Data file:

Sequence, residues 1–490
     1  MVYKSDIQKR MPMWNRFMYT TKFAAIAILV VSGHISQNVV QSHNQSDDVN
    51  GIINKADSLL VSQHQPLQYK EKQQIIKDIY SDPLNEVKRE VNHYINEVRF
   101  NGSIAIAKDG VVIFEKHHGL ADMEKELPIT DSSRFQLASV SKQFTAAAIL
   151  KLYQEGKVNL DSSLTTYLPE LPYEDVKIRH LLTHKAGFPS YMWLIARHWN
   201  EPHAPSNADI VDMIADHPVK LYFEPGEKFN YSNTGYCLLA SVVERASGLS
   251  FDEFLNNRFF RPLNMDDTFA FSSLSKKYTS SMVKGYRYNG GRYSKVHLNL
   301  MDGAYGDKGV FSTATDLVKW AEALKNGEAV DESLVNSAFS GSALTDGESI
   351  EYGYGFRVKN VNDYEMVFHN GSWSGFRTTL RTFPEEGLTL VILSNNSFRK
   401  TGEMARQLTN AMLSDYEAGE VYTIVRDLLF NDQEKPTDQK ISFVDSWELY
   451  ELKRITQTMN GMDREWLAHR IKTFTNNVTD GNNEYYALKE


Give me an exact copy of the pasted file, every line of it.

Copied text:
Sequence, residues 1–490
     1  MVYKSDIQKR MPMWNRFMYT TKFAAIAILV VSGHISQNVV QSHNQSDDVN
    51  GIINKADSLL VSQHQPLQYK EKQQIIKDIY SDPLNEVKRE VNHYINEVRF
   101  NGSIAIAKDG VVIFEKHHGL ADMEKELPIT DSSRFQLASV SKQFTAAAIL
   151  KLYQEGKVNL DSSLTTYLPE LPYEDVKIRH LLTHKAGFPS YMWLIARHWN
   201  EPHAPSNADI VDMIADHPVK LYFEPGEKFN YSNTGYCLLA SVVERASGLS
   251  FDEFLNNRFF RPLNMDDTFA FSSLSKKYTS SMVKGYRYNG GRYSKVHLNL
   301  MDGAYGDKGV FSTATDLVKW AEALKNGEAV DESLVNSAFS GSALTDGESI
   351  EYGYGFRVKN VNDYEMVFHN GSWSGFRTTL RTFPEEGLTL VILSNNSFRK
   401  TGEMARQLTN AMLSDYEAGE VYTIVRDLLF NDQEKPTDQK ISFVDSWELY
   451  ELKRITQTMN GMDREWLAHR IKTFTNNVTD GNNEYYALKE